Despite all threats from China, US leader Nancy Pelosi has arrived in Taiwan for a visit. The stay of the Speaker of the US House of Representatives is the highest-ranking visit from the United States to the island's democratic republic in a quarter of a century.
Beijing sees Taiwan as part of the People's Republic and strictly rejects official contacts from other countries to Taipei. Foreign Minister Annalena Baerbock received a protest from Beijing on Tuesday over the Taiwan question.
China calls Pelosi's visit 'playing with fire'
China also vigorously protested Pelosi's visit immediately after landing. The Foreign Ministry in Beijing spoke of a "very dangerous game with fire". "Whoever plays with fire will burn himself." China will "take all necessary measures to defend national sovereignty and territorial integrity".
Immediately before Pelosi's landing, Chinese Su-35 fighter jets flew over the Taiwan Straits sea lane. In addition, China announced maneuvers with target practice in six sea areas around the democratic island republic.
Pelosi promises US solidarity with Taiwan
After landing in Taipei, Pelosi pledged further support to Taiwan. "America's solidarity with the 23 million people of Taiwan is more important than ever today as the world faces a choice between autocracy and democracy," said the 82-year-old. She wrote in the Washington Post: "We cannot stand by while the (Chinese Communist Party) CCP threatens Taiwan - and democracy itself. We reaffirm that the freedoms of Taiwan - and all democracies - must be respected."
At the same time, the White House emphasized that Pelosi's visit would not change the USA's one-China policy. National Security Council communications director John Kirby told CNN there was no reason for China to turn the visit into a conflict. "The United States is also not intimidated by threats."
Baerbock criticizes Chinese threatening gestures
Foreign Minister Baerbock also accused China of making threatening gestures. "We have painfully learned in the past few months since February 24 that aggressive rhetoric can lead to dangerous action," she said in a speech in New York. The Greens politician added: "It cannot be in our interest if China also creates escalating economic dependencies in the region." The Green politician had already criticized China on Monday, which led to an official protest from Beijing for interference in "China's internal affairs".
In response to China's military muscle flexing, Taiwan's military increased its combat readiness. Pelosi's visit as part of a trip to Asia was not officially confirmed until shortly before landing. The 82-year-old wants to meet President Tsai Ing-wen and MPs on Wednesday. The visit of America's number three - after the President and Vice President - is seen as a welcome upgrade in Taiwan. It is also seen as a setback for Beijing, which is trying to isolate Taiwan internationally.
Detours to Taiwan
Pelosi's plane made a detour around the South China Sea, which is largely controlled by China, en route from Malaysia, according to media reports. The Chinese state media had even discussed whether action should also be taken against their plane. State and party leader Xi Jinping warned US President Joe Biden last week: "Those who play with fire will perish."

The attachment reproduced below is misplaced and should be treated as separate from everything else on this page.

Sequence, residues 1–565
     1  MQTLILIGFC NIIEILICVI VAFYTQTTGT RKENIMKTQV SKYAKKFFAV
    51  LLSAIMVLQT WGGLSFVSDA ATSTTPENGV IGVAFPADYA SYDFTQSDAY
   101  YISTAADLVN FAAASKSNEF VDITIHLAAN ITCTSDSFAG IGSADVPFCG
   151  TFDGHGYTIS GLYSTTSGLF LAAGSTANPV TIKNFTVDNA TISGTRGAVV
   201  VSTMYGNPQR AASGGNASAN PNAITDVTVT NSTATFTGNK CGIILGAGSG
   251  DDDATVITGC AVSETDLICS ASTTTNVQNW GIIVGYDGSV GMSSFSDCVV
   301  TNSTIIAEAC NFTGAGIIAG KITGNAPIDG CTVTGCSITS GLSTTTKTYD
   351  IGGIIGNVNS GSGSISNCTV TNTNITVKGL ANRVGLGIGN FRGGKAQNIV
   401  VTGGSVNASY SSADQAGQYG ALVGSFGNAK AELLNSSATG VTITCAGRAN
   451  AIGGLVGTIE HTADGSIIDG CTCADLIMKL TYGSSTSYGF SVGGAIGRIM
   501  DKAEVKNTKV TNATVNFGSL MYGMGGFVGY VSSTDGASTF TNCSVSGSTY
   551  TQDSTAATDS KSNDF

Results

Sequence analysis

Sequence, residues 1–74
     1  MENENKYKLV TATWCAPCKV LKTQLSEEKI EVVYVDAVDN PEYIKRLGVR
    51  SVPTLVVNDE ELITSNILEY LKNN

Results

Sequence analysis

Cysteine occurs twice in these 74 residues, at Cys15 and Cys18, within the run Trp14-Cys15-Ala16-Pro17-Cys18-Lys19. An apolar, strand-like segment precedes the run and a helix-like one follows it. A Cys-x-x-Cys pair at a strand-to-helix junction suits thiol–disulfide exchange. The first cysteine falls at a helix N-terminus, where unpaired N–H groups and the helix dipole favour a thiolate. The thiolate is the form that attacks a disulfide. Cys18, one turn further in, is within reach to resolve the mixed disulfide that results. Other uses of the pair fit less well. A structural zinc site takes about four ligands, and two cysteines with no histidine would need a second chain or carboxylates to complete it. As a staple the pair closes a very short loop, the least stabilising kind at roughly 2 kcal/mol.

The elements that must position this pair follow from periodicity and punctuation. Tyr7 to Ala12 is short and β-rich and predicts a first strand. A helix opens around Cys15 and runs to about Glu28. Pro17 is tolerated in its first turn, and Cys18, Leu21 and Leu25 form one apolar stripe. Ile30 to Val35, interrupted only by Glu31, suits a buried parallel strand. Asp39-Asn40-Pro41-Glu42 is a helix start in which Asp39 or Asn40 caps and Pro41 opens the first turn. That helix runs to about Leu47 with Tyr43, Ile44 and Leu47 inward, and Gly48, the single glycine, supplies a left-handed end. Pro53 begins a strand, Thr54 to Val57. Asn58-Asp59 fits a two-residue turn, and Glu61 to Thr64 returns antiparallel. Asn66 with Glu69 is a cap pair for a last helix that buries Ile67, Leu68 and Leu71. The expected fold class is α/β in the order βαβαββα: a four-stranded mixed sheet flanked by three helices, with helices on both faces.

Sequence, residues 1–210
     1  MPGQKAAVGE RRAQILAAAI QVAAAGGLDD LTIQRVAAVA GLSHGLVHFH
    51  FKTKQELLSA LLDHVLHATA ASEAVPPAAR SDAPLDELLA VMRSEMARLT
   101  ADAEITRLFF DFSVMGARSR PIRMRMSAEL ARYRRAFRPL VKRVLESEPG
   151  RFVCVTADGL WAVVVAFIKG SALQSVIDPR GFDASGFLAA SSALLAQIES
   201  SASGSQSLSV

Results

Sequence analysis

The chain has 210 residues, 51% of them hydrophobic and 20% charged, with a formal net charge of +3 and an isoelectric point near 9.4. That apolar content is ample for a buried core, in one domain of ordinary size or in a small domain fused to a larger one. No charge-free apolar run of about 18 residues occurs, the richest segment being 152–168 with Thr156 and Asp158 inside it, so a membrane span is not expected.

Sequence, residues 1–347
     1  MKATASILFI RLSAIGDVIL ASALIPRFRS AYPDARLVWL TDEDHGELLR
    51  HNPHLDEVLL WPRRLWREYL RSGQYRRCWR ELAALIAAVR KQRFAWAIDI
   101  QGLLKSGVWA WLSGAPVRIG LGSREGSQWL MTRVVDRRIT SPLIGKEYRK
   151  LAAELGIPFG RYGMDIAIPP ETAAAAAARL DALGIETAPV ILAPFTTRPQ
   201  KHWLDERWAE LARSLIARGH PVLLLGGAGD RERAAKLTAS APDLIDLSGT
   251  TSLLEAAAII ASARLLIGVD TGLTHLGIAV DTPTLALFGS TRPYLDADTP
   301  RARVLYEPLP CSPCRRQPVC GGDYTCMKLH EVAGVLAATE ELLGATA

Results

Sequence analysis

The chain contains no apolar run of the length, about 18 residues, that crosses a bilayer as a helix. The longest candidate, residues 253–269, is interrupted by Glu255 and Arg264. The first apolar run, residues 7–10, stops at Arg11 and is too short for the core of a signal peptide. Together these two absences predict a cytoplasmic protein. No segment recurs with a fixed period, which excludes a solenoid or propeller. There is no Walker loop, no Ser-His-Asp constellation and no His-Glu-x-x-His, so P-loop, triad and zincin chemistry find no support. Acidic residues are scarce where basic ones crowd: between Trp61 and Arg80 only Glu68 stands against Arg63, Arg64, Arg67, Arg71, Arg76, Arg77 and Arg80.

From the point of view of the Chinese leadership, Taiwan is part of the People's Republic, although it was already governed independently before it was founded in 1949. The island, which has a population of 23 million, has long considered itself independent. The claim to power on the island goes back to the founding history of the People's Republic, which explains its great importance for the Communist Party. At the end of the civil war against the communists, the national Chinese Kuomintang government fled with its troops to Taiwan, while the communists proclaimed the People's Republic in 1949.
The island is of geostrategic importance due to its location on economically important straits, and US generals used to like to describe it as an "unsinkable aircraft carrier". The party-affiliated Chinese newspaper Global Times wrote that relations between China and the United States were "almost on the brink of a knife". "The countermeasures that the high command is planning to deal with Pelosi's possible visit to Taiwan must be far more rigorous and comprehensive than one can imagine."
The White House warned Beijing of an escalation. Kirby said the US would not engage in "saber rattling." "At the same time, we don't let ourselves be intimidated." The visit also changes "nothing" in the USA's China policy. The US does not maintain official diplomatic relations with Taiwan, but considers Beijing to be the legitimate representative of China.
Pelosi's visit is the largest from the United States since the visit of her Republican predecessor Newt Gingrich in 1997. At that time - shortly before the return of the British crown colony of Hong Kong to China - the reaction was moderate.